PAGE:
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In the spring of 1963, under the shadow of the Vietnam War and just months before Martin Luther King Jr marched on Washington, Bob Dylan released his second album, The Freewheelin’ Bob Dylan.

The record was a revolution. Dylan used his lyrics to do more than mimic a catchy melody. He openly criticise war, the government and even borrowed from African American folk songs in support of civil rights.

Songs like Blowin’ in the Wind, Masters of War and A Hard Rain’s a-Gonna Fall were able to influence a generation with their folksy sound and honest lyrics. By the time the free love movement was in full swing in the late 60s, Bob Dylan’s words were anthems for peace.

Dylan became the voice of a social movement. So who is the modern day Dylan?

The world isn’t any freer from conflict than it was 50 years ago. Wars may have come and gone and come again, the civil rights movement may have transformed into Black Lives Matter, and the women’s movement to Time’s Up, but many of the issues remain the same.

The last year has brought songs like A Tribe Called Quest’s We the People, Eminem’s car park freestyle, and YG and Nipsey Hussle’s FDT (Fuck Donald Trump).

Hip Hop has taken over as the mechanism with which to voice the frustrations this generation is facing. It’s ability to put an emphasis on words, as Dylan’s acoustic sound had, provides it with a powerful impact. The genre itself has become what Dylan was to the world years ago.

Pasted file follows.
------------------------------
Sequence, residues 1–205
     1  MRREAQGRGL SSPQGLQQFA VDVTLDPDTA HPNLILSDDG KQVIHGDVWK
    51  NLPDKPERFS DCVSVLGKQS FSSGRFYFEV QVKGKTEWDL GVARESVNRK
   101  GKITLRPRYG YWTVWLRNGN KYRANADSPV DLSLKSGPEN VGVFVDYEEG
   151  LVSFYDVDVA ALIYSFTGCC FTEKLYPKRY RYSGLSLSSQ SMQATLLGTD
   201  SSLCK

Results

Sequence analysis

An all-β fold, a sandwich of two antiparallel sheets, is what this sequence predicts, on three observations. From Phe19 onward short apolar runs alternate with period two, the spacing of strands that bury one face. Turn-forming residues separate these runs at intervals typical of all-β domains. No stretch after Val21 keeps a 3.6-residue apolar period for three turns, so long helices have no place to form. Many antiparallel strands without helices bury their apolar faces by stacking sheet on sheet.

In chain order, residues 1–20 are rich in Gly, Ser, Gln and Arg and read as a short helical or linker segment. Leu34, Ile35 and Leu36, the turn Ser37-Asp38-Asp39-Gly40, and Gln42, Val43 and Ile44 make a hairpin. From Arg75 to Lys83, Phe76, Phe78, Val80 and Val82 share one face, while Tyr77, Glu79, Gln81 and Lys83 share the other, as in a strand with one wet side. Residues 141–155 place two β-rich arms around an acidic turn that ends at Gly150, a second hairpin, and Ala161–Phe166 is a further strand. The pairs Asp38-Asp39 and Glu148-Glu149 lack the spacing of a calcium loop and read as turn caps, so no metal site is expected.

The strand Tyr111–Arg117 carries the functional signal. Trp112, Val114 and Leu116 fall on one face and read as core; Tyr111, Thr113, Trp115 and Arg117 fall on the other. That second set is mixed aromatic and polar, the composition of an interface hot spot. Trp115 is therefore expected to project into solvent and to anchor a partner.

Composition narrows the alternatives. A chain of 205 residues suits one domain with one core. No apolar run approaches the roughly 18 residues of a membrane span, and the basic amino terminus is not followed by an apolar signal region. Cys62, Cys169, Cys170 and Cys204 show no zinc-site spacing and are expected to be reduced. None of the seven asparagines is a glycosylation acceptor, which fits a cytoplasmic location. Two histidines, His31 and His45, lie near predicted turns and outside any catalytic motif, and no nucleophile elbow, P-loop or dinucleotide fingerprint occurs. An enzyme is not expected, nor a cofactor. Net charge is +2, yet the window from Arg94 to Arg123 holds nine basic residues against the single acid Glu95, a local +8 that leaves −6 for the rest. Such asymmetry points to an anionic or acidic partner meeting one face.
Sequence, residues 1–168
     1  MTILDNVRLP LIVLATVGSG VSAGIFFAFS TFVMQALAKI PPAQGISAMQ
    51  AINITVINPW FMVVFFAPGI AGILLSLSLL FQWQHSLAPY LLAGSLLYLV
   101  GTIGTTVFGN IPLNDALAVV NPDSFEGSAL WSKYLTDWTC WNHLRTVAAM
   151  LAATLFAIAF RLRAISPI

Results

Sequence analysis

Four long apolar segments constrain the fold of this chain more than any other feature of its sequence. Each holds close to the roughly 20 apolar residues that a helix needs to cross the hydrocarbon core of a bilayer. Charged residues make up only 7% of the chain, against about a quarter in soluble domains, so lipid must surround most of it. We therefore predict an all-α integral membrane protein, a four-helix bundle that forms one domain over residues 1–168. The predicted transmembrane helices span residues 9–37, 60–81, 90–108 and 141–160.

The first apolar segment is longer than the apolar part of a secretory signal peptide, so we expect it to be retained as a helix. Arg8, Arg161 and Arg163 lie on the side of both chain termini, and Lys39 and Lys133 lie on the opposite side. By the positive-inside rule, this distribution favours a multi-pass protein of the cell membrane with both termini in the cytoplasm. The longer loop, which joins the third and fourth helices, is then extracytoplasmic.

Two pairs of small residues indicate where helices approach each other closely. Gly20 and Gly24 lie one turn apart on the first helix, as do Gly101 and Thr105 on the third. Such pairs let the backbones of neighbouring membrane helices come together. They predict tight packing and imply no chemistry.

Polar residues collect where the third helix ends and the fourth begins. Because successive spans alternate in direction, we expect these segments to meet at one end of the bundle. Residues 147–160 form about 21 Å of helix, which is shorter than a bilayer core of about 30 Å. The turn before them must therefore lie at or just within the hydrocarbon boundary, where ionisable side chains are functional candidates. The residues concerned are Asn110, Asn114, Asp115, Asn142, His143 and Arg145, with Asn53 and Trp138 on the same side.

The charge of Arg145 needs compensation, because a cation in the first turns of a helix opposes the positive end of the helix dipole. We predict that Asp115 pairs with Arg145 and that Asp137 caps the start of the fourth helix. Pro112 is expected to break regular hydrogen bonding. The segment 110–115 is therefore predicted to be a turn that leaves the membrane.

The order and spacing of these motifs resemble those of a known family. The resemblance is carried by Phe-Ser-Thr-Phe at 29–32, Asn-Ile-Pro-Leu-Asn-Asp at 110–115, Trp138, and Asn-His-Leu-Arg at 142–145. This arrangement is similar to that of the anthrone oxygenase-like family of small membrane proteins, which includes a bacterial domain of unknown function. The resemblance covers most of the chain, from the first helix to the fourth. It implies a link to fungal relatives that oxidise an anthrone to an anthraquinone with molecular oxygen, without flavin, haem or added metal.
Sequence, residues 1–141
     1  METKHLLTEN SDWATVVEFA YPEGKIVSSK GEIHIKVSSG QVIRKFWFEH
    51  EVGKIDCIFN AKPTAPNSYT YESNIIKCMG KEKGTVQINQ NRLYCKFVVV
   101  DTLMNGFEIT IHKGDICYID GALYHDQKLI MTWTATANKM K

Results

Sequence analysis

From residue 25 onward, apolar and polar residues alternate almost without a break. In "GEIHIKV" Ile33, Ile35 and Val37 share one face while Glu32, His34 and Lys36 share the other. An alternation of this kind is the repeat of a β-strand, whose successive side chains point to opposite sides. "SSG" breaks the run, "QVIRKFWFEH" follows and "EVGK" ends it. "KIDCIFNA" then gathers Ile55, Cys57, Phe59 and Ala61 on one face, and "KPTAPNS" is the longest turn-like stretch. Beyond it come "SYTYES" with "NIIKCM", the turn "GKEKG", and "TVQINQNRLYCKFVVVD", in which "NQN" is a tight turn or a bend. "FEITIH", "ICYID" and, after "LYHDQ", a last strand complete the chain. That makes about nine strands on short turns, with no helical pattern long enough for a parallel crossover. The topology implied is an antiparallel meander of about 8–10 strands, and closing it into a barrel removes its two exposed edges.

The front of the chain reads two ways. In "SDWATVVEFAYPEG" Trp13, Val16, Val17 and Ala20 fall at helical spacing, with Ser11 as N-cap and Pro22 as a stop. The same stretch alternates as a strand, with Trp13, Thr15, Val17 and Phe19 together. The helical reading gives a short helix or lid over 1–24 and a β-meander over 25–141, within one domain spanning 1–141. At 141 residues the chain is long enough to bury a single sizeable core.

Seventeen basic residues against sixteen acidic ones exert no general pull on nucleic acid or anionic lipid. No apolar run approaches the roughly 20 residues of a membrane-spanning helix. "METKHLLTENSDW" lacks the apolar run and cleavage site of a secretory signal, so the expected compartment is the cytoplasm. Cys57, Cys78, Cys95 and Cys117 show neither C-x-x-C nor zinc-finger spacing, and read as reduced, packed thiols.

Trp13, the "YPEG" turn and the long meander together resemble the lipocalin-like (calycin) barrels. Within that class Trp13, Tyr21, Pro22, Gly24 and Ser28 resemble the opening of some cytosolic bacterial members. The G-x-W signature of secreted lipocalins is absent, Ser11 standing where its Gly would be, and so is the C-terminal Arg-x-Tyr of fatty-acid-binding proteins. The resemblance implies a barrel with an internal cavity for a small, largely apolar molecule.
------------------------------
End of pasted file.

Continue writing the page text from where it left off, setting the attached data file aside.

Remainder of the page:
Kendrick Lamar, thought to be one of the great modern rappers, often raps about racial injustice and police brutality.

Beyoncé has also brought a voice not only to the BLM movement through her performances, but also to the women’s movement and to black female empowerment in particular. Her Formation lyrics have been plastered on signs at women’s marches around the world.

It’s only fitting that the voices of protest in 2018 are coming from the diverse group of minority artists who make up Hip Hop.

In the 1960s, Bob Dylan was a white man writing in support of civil rights. Today artists from Kendrick to Beyoncé, M.I.A. to Skepta, are writing about their own experiences as a person of colour or as a woman in the world today, making their words that much more powerful.

From Dylan’s 60s folk, to the severe sound of the punks in the 1970s, Hip Hop has become the new music of protest.

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